July 25, 2014

Amerindian development

There is no doubt that Guyana’s indigenous peoples have experienced numerous improvements in the quality of life they live. Efforts are currently being made by the administration and a few non-governmental organizations to provide the necessary support to assist in sustaining the livelihoods of Amerindian communities. This has indeed been one of the main challenges indigenous peoples face on a daily basis.

The National Secure Livelihood Programme, a government initiative carried out in collaboration with Volunteer Services Overseas (VSO) International, is a fine example of how the government and NGOs can collaborate in ensuring improvements in the living standards of Amerindians. This project is aimed at addressing the challenges of economic development in Amerindian villages and hinterland communities. The authorities have said that this initiative does not only seek to expand production of the locally-grown produce, but it also addresses processing of value-added products. One project that is expected to come on stream as a result of this initiative is the Crab Fattening Processing Plant, for which it is hoped the facility will enable the processing and preservation of frozen crab meat.

It has been noted that there are several other comparable initiatives geared towards providing a better life for Amerindians in Guyana. These include a presidential grant, which is a monetary award allocated to Amerindian communities to help them establish income-generating projects to advance their growth and development.

Further, Guyana will soon begin to enjoy the numerous opportunities that will inevitably flow from implementation of the Low Carbon Development Strategy (LCDS), and it should be mentioned that the authorities have decided that our Amerindian brothers and sisters will be the first to benefit from the returns of implementing this strategy. US$8 million (Gy$1.6 billion) of the first tranche of the money released by the Norwegian government for the LCDS will be spent on Amerindian development. It is expected that this money will go towards expediting the complicated and expensive process of land demarcation of hinterland villages, and ensuring that every Amerindian household has a solar panel to satisfy their electricity demands.

However, while these are all laudable interventions that have no doubt helped in improving the lives of the Amerindian people, there are still a few issues affecting Amerindian development that need to be tackled by all the relevant stakeholders. Among these are claims of exploitation. In particular, there have been several allegations of mistreatment of Amerindian females by their employers. Not so long ago, there were complaints that one Amerindian girl had been forced to engage in sexual activities with her employer. Amerindians, particularly girls working as domestic helpers, are too frequently underpaid and harassed at their work places. This may be so because most of them do not have the necessary skills and qualifications to seek employment in other areas, hence they take on domestic jobs because these are the kind of jobs that are readily available. No doubt, this exploitation will continue until they are in a position to choose better jobs, or until they have access to better opportunities, such as setting up small businesses – sewing, cosmetology, catering and so on.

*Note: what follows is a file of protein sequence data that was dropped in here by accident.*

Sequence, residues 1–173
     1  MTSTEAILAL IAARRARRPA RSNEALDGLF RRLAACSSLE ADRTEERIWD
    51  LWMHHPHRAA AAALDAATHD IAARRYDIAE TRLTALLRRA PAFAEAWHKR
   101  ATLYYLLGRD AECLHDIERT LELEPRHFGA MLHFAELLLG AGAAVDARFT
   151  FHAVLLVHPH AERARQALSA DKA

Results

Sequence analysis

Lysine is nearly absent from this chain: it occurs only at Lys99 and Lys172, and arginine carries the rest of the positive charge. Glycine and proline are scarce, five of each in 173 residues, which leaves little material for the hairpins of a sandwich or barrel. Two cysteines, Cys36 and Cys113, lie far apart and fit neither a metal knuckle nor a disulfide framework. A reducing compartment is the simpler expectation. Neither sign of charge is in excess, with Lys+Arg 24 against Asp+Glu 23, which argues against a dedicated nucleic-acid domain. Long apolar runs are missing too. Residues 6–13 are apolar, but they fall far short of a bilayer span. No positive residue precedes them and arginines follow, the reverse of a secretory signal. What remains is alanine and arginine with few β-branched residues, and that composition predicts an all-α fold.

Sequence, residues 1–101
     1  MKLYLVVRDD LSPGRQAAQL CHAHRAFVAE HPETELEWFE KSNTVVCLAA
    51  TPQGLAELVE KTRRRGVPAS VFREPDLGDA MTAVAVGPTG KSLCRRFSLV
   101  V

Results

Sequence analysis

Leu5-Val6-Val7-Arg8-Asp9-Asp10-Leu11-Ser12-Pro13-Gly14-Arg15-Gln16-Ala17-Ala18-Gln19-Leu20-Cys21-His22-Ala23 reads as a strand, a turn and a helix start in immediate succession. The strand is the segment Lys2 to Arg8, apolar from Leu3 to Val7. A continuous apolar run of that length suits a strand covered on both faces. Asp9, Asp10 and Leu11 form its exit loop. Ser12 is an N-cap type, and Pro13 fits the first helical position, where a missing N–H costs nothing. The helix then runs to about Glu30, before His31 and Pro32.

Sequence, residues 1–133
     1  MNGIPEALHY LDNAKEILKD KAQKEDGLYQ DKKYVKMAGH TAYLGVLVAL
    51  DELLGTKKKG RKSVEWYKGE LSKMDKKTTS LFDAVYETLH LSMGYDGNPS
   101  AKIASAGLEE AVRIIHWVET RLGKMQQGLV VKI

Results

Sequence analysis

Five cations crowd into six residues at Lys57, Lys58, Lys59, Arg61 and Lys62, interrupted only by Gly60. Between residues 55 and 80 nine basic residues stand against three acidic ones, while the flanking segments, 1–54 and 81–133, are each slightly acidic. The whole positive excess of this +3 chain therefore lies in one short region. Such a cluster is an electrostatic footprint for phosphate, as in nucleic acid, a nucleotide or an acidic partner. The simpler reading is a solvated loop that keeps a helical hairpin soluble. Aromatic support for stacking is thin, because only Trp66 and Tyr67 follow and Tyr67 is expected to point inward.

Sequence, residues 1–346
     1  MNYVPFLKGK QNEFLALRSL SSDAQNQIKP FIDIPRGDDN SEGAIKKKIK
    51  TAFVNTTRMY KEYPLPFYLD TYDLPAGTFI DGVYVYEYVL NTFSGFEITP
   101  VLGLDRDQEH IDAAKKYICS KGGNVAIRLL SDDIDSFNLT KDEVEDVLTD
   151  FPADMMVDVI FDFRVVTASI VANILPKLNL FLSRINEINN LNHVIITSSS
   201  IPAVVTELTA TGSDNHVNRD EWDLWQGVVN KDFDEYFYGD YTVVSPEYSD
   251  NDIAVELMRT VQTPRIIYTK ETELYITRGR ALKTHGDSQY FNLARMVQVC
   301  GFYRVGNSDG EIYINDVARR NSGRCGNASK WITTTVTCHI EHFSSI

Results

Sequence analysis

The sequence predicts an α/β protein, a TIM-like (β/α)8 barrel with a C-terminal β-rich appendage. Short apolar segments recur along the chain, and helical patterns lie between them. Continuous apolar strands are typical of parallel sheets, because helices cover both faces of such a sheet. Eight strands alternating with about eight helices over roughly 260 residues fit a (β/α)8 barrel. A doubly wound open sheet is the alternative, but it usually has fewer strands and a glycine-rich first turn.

Through the Ministry of Amerindian Affairs and the Ministry of Labour, the government has been very proactive in investigating complaints against Amerindians, but there is still much work to be done if this problem is to be fully dealt with. It is clear that agencies such as government ministries (Labour and Amerindian Affairs) and NGOs representing Amerindians need to collaborate more and deal with this and similar challenges facing indigenous peoples. There is certainly need for more monitoring of the welfare of Amerindian people in terms of conducting routine checks in workshops, homes, bars, restaurants, factories, and so on, to ensure that the labour laws are adhered to, and that Amerindians understand what their rights are in the workplace. They must also be encouraged to make complaints when they feel that their rights have been breached. Similarly, all efforts must be made to fully investigate their complaints to the satisfaction of all parties concerned.

Finally, the Indigenous Peoples Commission (IPC) also has a role to play. This constitutional body was created to promote and protect the rights of indigenous people, raise awareness of their contributions and the problems they face, and make recommendations on economic and educational policies to further their interests. This commission should therefore treat as a matter of priority its mandate to examine and investigate the employment situation of Amerindians, specifically in relation to claims of exploitation.